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Study cuisines from around the world, and you'll find that many tend to rely on fairly consistent bases of aromatic vegetables, no matter the dish. In France, this vegetable base is known as mirepoix, and features celery, onions, and carrots. In Creole cooking, it's known as the holy trinity—onion, celery, and green bell peppers. Italy, Spain, German, and other countries and cuisines have their own variations as well. So what would the Chinese equivalent of mirepoix or the holy trinity be? The answer depends largely on the region.
In this series, we'll look at two of the most fundamental aromatic bases used in Chinese cooking: spicy (chili peppers and garlic) and aromatic (ginger, scallion, and garlic). First up: This twist on a Hunanese classic, Hand-Torn Cabbage. Located in south-central China, Hunan is famous for its intensely fiery, chili-spiked foods. Amazingly, this dish, loaded with red chilies, scallions, and garlic, is considered tame by Hunan standards.
In addition to its moderate spice, it's also a little bit sour, thanks to a splash of Chinkiang black-rice vinegar. It's great as part of a multi-course dinner where the other dishes are more intense, both in terms of overall flavor and also chili heat (you have to appreciate a cuisine that considers this dish, with its healthy dose of chilies, to be a respite from the truly spicy ones). The addition of bacon in this version adds a nice smoky, porky flavor, though a vegetarian version could just as easily be prepared using peanut or vegetable oil to stir-fry in place of the bacon fat.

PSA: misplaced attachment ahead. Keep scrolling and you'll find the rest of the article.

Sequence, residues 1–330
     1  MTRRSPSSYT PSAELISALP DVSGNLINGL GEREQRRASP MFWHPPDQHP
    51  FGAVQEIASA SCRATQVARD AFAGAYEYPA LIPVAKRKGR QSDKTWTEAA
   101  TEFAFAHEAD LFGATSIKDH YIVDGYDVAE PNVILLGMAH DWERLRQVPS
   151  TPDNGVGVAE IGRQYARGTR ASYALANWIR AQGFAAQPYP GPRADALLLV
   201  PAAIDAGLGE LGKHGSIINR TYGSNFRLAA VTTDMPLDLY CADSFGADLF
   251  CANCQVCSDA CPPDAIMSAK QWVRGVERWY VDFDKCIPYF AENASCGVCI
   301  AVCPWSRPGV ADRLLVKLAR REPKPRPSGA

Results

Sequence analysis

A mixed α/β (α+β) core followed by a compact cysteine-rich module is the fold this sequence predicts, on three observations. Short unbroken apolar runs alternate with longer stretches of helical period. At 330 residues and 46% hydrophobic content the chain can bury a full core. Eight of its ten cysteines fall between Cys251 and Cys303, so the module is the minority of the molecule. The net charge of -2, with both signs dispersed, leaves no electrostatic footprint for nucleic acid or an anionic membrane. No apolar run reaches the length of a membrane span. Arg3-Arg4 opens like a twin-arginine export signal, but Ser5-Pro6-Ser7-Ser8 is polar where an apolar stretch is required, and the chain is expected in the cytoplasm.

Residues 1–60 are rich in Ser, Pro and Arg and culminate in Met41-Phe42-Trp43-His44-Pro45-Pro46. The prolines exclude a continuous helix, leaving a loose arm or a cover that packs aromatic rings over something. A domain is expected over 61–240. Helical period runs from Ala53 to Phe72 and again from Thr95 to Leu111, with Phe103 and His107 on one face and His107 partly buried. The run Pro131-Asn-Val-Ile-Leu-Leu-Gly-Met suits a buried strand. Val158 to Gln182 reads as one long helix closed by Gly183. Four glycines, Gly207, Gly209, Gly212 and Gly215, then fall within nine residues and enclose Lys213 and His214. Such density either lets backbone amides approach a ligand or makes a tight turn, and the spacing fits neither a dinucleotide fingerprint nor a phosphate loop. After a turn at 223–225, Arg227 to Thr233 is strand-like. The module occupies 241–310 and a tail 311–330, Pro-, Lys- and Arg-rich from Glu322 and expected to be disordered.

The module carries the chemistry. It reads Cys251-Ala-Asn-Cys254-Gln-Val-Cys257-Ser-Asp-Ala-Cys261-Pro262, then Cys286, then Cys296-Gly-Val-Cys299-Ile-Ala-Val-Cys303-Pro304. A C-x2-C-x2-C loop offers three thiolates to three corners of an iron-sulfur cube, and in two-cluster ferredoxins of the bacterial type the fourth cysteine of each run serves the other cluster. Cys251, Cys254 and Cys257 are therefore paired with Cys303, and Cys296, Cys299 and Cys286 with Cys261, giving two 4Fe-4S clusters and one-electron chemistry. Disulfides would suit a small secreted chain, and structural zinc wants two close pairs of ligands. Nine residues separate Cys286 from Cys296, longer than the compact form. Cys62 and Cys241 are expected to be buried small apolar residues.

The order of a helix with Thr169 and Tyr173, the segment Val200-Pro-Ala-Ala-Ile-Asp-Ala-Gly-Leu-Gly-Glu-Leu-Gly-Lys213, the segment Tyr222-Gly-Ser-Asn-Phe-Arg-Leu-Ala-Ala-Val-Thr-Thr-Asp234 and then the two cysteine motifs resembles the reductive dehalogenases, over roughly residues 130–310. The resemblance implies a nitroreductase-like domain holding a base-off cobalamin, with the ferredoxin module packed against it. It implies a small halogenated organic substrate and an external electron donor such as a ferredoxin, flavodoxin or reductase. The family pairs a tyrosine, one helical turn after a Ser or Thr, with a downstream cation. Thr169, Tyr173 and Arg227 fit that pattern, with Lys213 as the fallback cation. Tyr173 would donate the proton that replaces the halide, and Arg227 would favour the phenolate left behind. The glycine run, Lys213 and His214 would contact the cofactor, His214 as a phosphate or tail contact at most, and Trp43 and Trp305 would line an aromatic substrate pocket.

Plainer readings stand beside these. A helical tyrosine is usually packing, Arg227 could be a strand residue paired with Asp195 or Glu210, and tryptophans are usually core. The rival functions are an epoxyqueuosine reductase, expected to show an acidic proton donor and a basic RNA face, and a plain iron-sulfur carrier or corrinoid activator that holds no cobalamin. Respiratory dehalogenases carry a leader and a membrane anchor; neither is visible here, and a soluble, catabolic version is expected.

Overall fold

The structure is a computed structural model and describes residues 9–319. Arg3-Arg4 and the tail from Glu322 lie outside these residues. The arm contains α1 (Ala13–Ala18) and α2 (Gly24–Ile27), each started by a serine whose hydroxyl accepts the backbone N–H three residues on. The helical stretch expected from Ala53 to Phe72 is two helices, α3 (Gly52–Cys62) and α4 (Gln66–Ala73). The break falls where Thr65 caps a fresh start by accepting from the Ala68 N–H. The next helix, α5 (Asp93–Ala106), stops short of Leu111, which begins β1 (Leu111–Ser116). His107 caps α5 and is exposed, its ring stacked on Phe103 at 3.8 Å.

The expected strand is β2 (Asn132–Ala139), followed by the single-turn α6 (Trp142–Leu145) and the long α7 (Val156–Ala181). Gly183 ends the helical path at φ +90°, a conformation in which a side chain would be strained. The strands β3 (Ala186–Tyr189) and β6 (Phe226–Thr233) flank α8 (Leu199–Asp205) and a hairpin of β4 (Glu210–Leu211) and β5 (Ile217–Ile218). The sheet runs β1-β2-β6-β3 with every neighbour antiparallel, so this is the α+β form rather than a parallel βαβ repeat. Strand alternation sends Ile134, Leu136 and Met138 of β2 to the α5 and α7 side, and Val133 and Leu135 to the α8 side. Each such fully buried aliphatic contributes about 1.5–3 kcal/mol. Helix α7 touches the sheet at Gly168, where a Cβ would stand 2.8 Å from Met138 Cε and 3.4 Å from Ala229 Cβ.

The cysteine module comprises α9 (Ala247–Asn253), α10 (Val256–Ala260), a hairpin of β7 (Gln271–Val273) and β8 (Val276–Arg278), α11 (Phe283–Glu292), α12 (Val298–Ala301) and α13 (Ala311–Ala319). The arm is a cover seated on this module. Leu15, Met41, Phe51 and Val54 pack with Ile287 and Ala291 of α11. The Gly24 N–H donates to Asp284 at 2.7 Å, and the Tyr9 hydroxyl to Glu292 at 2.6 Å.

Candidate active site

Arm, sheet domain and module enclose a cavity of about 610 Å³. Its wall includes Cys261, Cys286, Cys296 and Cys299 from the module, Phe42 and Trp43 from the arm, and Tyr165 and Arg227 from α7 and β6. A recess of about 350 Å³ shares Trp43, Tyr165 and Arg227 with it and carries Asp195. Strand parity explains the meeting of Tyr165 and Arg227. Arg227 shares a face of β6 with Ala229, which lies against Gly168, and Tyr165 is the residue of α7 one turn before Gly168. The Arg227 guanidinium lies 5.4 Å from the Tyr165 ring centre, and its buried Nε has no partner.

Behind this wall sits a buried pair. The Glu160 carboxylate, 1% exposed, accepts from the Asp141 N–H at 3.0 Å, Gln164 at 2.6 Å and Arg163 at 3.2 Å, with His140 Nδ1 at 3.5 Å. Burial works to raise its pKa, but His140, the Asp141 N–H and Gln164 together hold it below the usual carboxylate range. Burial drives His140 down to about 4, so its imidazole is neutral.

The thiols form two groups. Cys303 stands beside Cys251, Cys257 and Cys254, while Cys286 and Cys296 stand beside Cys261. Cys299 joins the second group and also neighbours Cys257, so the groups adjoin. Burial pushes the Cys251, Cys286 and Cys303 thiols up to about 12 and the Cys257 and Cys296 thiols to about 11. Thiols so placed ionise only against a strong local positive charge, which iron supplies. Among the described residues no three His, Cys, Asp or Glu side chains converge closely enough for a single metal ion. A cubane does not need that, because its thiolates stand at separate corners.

The first step when making this dish is to tear the cabbage leaves by hand. It may seem a bit tedious compared to the efficiency of a knife, but the gracefully curved, uneven edges are a key characteristic of the dish, and give it a softer overall texture than sharply angled pieces would.
Next, you'll want to prepare the aromatics for the flavor base, in this case garlic, scallions, and red chilies. Fresh chilies are more common in Hunan cooking, and therefore are what I use here. I also like to stay true to Hunan's spicy flavor profile, and include the chilies' seeds to make sure I don't lose any of the heat they pack (for those sensitive to spicy foods, discarding the seeds is an option, though the dish will lose some of its impact).
The bacon adds a smoky, porky flavor that I really enjoy: Plus, it provides all the fat this dish requires for stir-frying.
Because cabbage can take a while to cook, I blanch it first in boiling water before proceeding to the stir-frying stage. This makes the stir-frying an incredibly fast process, and also reduces the chances that the aromatics will scorch and burn, which would be a bigger concern if you were stir-frying the cabbage from raw.
Then, I cook the sliced bacon over high heat until it's crisp and golden and much of the fat has rendered out. I transfer the bacon to a plate to drain, and discard all but one tablespoon of the rendered fat, which I keep in the wok for stir-frying.
Now for the fun part: My aromatic flavor base of scallions garlic, and chilies go in, and I cook them just long enough to lightly brown the garlic and release their flavors into the cooking fat.
Then I toss in the blanched cabbage, and cook it until warmed through.
For the final touch, I add a splash of vinegar and soy sauce, along with the crisped bacon. As soon as the cabbage is tender, it's ready to serve.
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